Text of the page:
Adding to a Recording After the Fact

Why would I want to do this?

Many users find it easiest to focus their recording session on simply capturing a conversation between participants, however your final podcast might consist of a few additional elements book-ending this conversation: a spoken intro, outro, perhaps a message from your sponsor read by the host.

Whether simply for convenience, or because you couldn't know at the time what content your intro and outtro will reference, you may find it easier to record these elements of your podcast once you have concluded your recording, while you're editing your podcast. Punch-ins make this easy to do in Cast's Editor.

Cast's new hybrid punch-ins feature also supports recording a punch-in over music, which is great for adding an intro or outtro that includes background music to your podcast.

What is a punch-in?

Cast's Editor supports recording "punch-ins", which is a term we've borrowed from older-tape based recording. With Cast's punch-ins, you can record brief audio clips (up to two minutes in length) from the Editor itself, which is great for recording and inserting audio after the fact without having to leave the Editor. Once you've recorded and approved your punch-in, Cast's Editor will insert it as a wedge at your current playhead position. Once inserted, a punch-in will behave like any other wedge in your Editor session, and can be moved or deleted.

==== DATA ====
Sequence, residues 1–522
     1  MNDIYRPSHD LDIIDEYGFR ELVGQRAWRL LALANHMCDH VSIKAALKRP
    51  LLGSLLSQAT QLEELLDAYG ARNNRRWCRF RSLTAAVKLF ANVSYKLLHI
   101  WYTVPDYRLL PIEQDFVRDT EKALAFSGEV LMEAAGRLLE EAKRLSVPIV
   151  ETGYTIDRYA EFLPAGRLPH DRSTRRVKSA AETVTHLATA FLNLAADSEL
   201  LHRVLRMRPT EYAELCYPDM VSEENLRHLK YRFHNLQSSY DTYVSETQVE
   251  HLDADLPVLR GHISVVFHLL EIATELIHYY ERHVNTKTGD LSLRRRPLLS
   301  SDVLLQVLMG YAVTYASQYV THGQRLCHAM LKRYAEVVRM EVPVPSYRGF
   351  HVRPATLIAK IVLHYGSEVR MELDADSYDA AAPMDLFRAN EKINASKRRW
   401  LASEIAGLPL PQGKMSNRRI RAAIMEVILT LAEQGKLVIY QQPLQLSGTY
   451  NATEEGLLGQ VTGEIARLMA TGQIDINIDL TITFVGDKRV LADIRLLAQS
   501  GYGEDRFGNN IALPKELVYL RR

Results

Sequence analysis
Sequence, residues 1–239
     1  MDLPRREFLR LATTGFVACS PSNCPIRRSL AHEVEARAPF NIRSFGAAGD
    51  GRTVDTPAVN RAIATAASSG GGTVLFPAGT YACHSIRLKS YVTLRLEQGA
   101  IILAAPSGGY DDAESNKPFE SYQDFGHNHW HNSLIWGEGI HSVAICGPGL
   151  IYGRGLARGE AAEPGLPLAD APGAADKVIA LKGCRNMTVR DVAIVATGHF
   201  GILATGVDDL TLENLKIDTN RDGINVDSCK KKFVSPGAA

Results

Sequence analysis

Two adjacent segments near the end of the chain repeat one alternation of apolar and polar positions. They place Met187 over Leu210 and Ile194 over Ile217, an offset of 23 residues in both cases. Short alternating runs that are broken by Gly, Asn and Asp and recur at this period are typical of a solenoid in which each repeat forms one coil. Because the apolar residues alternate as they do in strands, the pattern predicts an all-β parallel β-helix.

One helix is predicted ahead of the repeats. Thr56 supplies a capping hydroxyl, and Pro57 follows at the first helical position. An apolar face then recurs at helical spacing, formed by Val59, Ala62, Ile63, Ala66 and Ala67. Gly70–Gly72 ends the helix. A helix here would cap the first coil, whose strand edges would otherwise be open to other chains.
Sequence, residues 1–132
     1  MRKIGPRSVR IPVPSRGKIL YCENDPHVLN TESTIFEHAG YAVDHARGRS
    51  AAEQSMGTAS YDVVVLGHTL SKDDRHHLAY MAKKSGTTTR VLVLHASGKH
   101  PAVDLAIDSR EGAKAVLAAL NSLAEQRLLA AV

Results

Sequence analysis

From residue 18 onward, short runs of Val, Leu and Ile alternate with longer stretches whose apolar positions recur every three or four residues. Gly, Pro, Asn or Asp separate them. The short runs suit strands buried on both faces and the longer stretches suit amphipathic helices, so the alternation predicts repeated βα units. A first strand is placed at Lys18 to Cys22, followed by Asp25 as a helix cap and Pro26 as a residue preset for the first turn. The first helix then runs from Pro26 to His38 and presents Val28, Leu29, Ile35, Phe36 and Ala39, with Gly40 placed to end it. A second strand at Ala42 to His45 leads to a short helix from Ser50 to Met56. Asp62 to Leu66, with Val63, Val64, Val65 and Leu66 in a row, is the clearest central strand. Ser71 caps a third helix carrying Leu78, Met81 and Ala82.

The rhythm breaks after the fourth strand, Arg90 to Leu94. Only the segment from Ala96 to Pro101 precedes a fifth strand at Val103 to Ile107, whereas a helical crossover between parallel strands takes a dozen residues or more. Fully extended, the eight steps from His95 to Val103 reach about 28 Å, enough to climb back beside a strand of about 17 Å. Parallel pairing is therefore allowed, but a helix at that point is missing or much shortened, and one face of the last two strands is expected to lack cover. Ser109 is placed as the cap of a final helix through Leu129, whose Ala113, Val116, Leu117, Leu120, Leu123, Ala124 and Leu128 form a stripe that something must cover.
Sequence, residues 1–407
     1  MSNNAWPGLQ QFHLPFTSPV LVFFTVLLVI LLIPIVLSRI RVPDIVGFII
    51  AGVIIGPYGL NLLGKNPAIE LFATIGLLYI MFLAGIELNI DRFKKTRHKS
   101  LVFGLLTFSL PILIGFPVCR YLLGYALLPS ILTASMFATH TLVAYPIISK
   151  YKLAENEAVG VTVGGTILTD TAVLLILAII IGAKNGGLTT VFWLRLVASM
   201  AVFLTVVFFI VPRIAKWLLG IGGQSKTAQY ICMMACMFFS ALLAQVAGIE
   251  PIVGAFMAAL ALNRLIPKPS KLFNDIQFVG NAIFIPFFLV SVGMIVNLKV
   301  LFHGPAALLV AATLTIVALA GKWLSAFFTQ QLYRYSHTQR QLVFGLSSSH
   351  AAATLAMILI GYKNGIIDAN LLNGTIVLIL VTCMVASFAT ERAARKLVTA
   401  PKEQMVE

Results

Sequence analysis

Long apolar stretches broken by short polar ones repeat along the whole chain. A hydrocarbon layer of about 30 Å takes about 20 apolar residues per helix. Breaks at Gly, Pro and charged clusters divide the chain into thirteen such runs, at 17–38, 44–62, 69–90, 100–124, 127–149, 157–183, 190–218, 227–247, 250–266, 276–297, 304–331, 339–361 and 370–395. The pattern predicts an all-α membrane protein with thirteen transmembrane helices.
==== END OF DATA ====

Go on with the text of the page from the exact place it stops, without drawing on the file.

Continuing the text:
How do I record a punch-in with music

Podcasters often use Cast's punch-in feature to record their podcast intros and outtros, which may include both a spoken section and background music. Cast's new hybrid punch-ins feature (which updates the punch-ins you know and love) makes this delightfully easy to do.

Now, when you choose to insert a punch-in, you'll be prompted to add optional background music to play behind your voice recording. When recording your punch-in, you'll hear your music play back as you're recording so you can time your speech as needed with the background music. If you find your music is competing with your voice, you may wish to enable ducking on your punch-in, which is discussed below.

Once you've completed and approved a hybrid punch-in, your voice and music will be added to your project as a single combined wedge, which you can move around like any other wedge.

What if my music is too loud?

Ducking is the term for reducing the volume of one audio track while another plays. When you add music to a punch-in, you will be prompted to choose whether to enable or disable ducking.

If you disable ducking, your music will run at full volume against your voice; if the music clip is already quiet (or fades out at the point you expect to start speaking), this may be the option you want.

If you enable ducking, the volume of your music will be reduced for the duration of the clip, which is often useful to help your vocals stand out against your background music. With ducking enabled, your music clip will be ducked both in the final punch-in clip that is inserted into your project and in your headphones while you are recording your voice for your punch-in.

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